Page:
1. 1.

    Lerner AB: Vitiligo. J Invest Dermatol 1959, 32: 285–310.

  2. 2.

    Lerner AB, Nordlund JJ: Vitiligo. What is it? Is it important? JAMA 1978, 239: 1183–1187. 10.1001/jama.239.12.1183

  3. 3.

    Bolognia JL, Pawelek JM: Biology of hypopigmentation. J Am Acad Dermatol 1988, 19: 217–255.

  4. 4.

    Handa S, Kaur I: Vitiligo: clinical findings in 1436 patients. J Dermatol 1999, 26: 653–657.

  5. 5.

    Handa S, Dogra S: Epidemiology of childhood vitiligo: a study of 625 patients from North India. Ped Dermatol 2003, 20: 207–210.

  6. 6.

    Mattoo SK, Handa S, Kaur I, Gupta N, Malhotra R: Psychiatric morbidity in vitiligo: prevalence and correlates in India. J Eur Acad Dermatol Venereol. 2002, 16: 573–578. 10.1046/j.1468-3083.2002.00590.x

  7. 7.

    Fitzpatrick TB: The scourage of vitiligo. Fitzpatrick's J Clin Dermatol 1993, 68–69.

  8. 8.

    Savin J: The hidden face of dermatology. Clin Exp Dermatol 1993, 18: 393–395.

  9. 9.

    Ginsburg IH: The psychological impact of skin diseases: An overview. Clin 1996, 14: 473–484.

  10. 10.

    Cotterill JA, Cunliffe WJ: Suicide in dermatological patients. Br J Dermatol 1997,137(2):246–250. 10.1046/j.1365-2133.1997.18131897.x

  11. 11.

    Hill-Beuf A, Porter JDR: Children coping with impared appearance. Social and psychologic influences. Gen Hosp Psychiatry 1984, 6: 294–300.

  12. 12.

    Finlay A, Khan G: Drmatology life quality index [DLQI]: A simple practical measure for routine clinical use. Clin Exp Dermatol 1994, 19: 210–216.

  13. 13.

    Kent G, Al-abadie M: Factors affecting responses on dermatology life quality index among vitiligo sufferers. Clin Exp Dermatol 1996, 21: 330–333. 10.1046/j.1365-2230.1996.d01-219.x

  14. 14.

    Porter J, Beuf A, Lerner A, et al.: The effect of vitiligo on sexual relationship. J Am Acad Dermatol 1990, 22: 221–222.

  15. 15.

    Salzer B, Schallreuter K: investigations of the personality structure in patients with vitiligo and a possible association with catecholamine metabolism. Dermatology 1995, 190: 109–15.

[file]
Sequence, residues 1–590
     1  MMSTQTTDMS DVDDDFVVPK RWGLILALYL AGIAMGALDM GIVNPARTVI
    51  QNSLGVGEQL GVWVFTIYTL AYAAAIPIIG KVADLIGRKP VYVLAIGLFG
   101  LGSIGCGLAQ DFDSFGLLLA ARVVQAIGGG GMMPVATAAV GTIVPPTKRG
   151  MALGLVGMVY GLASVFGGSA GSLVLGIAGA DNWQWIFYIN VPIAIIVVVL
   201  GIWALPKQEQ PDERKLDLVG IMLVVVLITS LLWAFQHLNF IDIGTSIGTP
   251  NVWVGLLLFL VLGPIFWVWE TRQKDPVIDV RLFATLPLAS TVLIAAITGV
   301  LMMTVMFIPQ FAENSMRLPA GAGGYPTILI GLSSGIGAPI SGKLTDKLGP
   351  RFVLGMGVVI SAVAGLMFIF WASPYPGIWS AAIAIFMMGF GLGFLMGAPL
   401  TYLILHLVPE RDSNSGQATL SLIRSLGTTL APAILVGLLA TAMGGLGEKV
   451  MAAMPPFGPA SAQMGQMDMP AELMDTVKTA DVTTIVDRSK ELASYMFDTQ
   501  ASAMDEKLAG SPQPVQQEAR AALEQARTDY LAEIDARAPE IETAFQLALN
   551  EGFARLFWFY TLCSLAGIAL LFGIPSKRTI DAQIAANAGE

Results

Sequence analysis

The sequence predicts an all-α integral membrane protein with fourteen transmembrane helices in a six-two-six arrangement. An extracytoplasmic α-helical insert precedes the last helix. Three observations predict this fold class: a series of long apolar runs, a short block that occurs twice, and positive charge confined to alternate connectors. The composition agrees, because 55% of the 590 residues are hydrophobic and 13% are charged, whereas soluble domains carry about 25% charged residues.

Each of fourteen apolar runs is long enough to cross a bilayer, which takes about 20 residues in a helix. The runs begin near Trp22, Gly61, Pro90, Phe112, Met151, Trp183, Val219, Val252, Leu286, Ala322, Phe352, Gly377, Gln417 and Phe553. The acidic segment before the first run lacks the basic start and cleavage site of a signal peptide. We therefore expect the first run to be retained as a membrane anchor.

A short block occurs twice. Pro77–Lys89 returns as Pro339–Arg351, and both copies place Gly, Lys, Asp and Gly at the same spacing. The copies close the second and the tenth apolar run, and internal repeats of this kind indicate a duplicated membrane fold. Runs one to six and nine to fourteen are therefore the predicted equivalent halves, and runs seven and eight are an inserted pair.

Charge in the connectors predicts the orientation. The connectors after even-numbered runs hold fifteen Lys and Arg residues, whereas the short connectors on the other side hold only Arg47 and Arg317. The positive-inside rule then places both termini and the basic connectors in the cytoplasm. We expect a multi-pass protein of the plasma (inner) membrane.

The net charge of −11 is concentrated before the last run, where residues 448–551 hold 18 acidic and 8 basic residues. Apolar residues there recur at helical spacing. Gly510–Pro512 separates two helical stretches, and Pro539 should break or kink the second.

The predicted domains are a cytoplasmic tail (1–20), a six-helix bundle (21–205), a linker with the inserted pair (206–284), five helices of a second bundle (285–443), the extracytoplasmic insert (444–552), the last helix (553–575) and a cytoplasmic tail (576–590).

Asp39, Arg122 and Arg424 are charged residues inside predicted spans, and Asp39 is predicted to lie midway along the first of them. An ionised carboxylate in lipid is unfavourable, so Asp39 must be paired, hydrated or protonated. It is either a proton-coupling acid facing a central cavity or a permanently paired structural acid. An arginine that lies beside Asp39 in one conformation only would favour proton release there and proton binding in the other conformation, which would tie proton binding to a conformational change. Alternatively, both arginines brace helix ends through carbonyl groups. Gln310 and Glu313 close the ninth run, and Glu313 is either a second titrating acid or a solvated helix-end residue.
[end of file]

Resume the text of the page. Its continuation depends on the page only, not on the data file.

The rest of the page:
16. 16.

    Weiss M, Doongaji D, Siddartha S, et al.: The explanatory model interview catalogue [EMIC]. Br J psychiatry 1992, 160: 819–830.

  17. 17.

    Al-Abadie MSK, Kent G, Gawkrodger DJ: The relationship between stress and the onset and exacerbation of psoriasis and other skin conditions. Br J Dermatol 1994, 130: 199–203.

  18. 18.

    Parsad D, Pandhi R, Dogra S, Kanwar AJ, Kumar B: Dermatology Life Quality Index score in vitiligo and its impact on the treatment outcome. Br J Dermatol 2003, 148: 373–374. 10.1046/j.1365-2133.2003.05097_9.x

  19. 19.

    Papadopoulos L, Bor R, Legg C: Coping with the disfiguring effects of vitiligo: A preliminary investigation into the effects of cognitive-behaviour therapy. Br J Med Psych 1999, 72: 385–396. 10.1348/000711299160077

Download references

Author information

Correspondence to Davinder Parsad.

Rights and permissions

Reprints and Permissions

About this article

Cite this article

Parsad, D., Dogra, S. & Kanwar, A.J. Quality of life in patients with vitiligo. Health Qual Life Outcomes 1, 58 (2003).

Download citation


  • Leprosy
  • Vitiligo
  • Dermatology Life Quality Index
  • Vitiligo Patient
  • Good Treatment Response